Nitrile gloves are widely available and a great alternative to latex. Both latex and nitrile gloves can come powdered; it’s recommended you wash off the powder before use. As with finger condoms, apply lubricant before penetration. Gloves used for fingering are also single-use and should never be used inside the vagina if they’ve been inside the anus.

Bottom Line:

The use of protective barriers during sexual intercourse decreases the risk of getting a sexually transmitted infection. The proper use of finger condoms or gloves is a way to avoid direct contact with a partner’s bodily fluids and can help prevent injury and illness.

Finger condoms and finger gloves are both effective tools for the safe practice of fingering, though gloves are often more accessible and easier to find.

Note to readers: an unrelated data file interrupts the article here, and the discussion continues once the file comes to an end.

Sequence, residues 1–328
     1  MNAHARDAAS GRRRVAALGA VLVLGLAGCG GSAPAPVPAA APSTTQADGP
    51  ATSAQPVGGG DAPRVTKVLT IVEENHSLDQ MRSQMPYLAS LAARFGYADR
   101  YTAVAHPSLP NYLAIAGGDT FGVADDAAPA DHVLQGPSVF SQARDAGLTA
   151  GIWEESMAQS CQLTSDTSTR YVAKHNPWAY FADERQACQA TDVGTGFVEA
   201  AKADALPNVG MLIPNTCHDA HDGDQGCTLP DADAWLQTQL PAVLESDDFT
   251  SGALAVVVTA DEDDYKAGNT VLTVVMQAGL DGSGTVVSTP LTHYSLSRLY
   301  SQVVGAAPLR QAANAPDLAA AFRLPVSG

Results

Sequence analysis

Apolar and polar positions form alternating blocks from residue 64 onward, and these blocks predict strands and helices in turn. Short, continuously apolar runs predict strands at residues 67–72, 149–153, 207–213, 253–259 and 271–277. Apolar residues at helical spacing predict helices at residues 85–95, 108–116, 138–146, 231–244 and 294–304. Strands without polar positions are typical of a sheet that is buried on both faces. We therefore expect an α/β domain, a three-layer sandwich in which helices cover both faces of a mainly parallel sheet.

Adding lube or spermicide into the mix

You can use lube with condoms. It can reduce friction and increase sensation. 

You should use water- or silicone-based lube if you’re using a latex, polyurethane, or polyisoprene condom. Oil-based lubes, including petroleum jelly, lotion, or baby oil, can break down these condom, which might lead to failure during intercourse.

Spermicide is also OK to use with condoms. In fact, you should use a barrier method with spermicide for the greatest level of protection against unwanted pregnancy. You can apply spermicide to the outside of an external condom, the inside of an internal condom, or directly into the vagina before sex.